If our children sense our sadness and anxiety, or feel that we are critical of their lives, it can deeply hurt our relationship with them. Alternatively, we can focus on their positive values and character strengths and see this as evidence that God is at work in their lives (Philippians 4:8). If they are loving, joyful, peaceful, kind, patient, good,
gentle, generous, and humble, then they are showing the fruit of the Spirit (Galatians 5:22, 23). We can look for the effects of His Spirit blowing through their lives and thank God.

Stay connected with your adult children through their favorite means of communication. Accept them with open arms, especially when their lives are messy, and offer help and support when they’re struggling. Respect their choices and beliefs.

Reflect on each interaction and ask yourself: “Did this strengthen my relationship with my adult child or weaken it?” Let your children know that nothing could ever weaken your love for them.

Our heavenly Father blesses all His children with sunshine and rain whether they follow Him or not. His love inspires us to keep blessing our children as fairly and generously as possible. Surprise them with little gifts and treats to brighten up their days. The surprises don’t have to be expensive. Kathy sends fully stamped loyalty cards to her children. Adam saves points on his airline card and uses them to buy plane tickets for his sons. Pop some money into their bank accounts when they’re going through a tough time. These little expressions of love and generosity can speak powerfully to their hearts.

Be generously compassionate with parents whose children are taking a break from church. Most people who choose to leave the church do so because they haven’t experienced the love and care that they needed, especially in a time of crisis. We don’t know all the complex and painful stories behind other people’s choices. We need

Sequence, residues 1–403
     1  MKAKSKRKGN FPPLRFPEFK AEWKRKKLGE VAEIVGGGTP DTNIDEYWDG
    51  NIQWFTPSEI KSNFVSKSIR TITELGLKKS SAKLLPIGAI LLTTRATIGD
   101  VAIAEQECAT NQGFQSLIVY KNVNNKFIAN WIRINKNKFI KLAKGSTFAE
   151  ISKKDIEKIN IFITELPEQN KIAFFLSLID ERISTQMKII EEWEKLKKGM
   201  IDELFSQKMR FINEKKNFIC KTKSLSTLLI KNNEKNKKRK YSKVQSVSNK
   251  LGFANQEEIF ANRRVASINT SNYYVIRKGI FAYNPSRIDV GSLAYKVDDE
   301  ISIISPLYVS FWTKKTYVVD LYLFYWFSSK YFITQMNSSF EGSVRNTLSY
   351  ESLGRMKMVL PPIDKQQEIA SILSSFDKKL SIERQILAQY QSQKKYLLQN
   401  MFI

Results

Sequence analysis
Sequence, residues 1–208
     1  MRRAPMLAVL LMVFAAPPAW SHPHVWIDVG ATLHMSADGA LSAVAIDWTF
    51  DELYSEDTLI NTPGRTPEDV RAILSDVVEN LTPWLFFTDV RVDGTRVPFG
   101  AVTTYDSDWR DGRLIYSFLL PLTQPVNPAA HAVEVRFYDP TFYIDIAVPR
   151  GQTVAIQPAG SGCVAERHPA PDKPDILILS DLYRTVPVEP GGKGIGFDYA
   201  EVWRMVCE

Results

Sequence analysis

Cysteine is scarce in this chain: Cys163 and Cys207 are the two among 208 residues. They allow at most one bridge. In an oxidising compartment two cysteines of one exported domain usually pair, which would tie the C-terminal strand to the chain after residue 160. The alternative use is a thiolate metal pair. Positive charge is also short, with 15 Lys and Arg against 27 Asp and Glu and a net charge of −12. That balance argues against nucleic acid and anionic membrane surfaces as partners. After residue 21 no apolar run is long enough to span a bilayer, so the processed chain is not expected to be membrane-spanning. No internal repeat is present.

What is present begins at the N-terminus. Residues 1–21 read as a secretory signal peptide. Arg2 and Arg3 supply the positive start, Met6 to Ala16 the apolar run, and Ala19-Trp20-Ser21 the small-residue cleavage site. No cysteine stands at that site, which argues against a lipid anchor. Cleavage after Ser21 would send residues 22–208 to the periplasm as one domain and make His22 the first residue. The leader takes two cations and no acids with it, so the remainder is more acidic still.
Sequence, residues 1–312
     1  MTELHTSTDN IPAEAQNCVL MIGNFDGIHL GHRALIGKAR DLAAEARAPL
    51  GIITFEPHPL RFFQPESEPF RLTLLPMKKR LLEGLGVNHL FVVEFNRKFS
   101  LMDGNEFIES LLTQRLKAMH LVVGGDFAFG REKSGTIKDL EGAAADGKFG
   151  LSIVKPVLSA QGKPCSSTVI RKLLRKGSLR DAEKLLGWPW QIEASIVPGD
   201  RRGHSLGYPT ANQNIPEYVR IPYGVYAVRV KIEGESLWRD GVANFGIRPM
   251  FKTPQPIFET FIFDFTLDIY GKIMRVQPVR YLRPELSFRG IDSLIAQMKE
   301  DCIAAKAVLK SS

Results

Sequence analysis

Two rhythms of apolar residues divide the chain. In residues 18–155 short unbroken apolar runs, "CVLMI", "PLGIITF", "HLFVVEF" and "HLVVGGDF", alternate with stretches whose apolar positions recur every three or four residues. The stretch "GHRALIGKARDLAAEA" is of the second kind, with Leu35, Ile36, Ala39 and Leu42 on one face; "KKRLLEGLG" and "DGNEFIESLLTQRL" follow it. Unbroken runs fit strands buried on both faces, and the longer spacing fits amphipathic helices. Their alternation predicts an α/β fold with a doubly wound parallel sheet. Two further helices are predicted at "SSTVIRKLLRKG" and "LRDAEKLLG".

to check that we are not carrying an attitude of self-righteousness because our children are still choosing to come to an Adventist church, or an attitude of judgment that they must have been less spiritual parents. Don’t add to their pain and grief. Listen compassionately and encourage them. Pray for them and their children and show loving
acceptance to the whole family.

Revisit the parable of the prodigal son (Luke 15:11-32) and the parable of the two sons (Matthew 21:28-32). Both tell stories of “obedient” sons who didn’t have a positive attitude toward their father, and “disobedient” sons who understood their father’s love and responded positively in the end. The parables of the wise and foolish virgins (Matthew 25:1-13), the sheep and the goats (Matthew 25:31-46), and the lost sheep (Luke 15:3-7) also have powerful and encouraging messages from God that can comfort the hearts of hurting parents if we dig deep into their treasures.



Why not start a PALS group in your local church? This is a resource for parents whose children are taking a break from church and encourages parents to pray together with their children and find fresh ways to love them. It was created by Dorothy Eaton Watts and is available through your local Women’s Ministries department or from AdventSource (https://www.adventsource.org).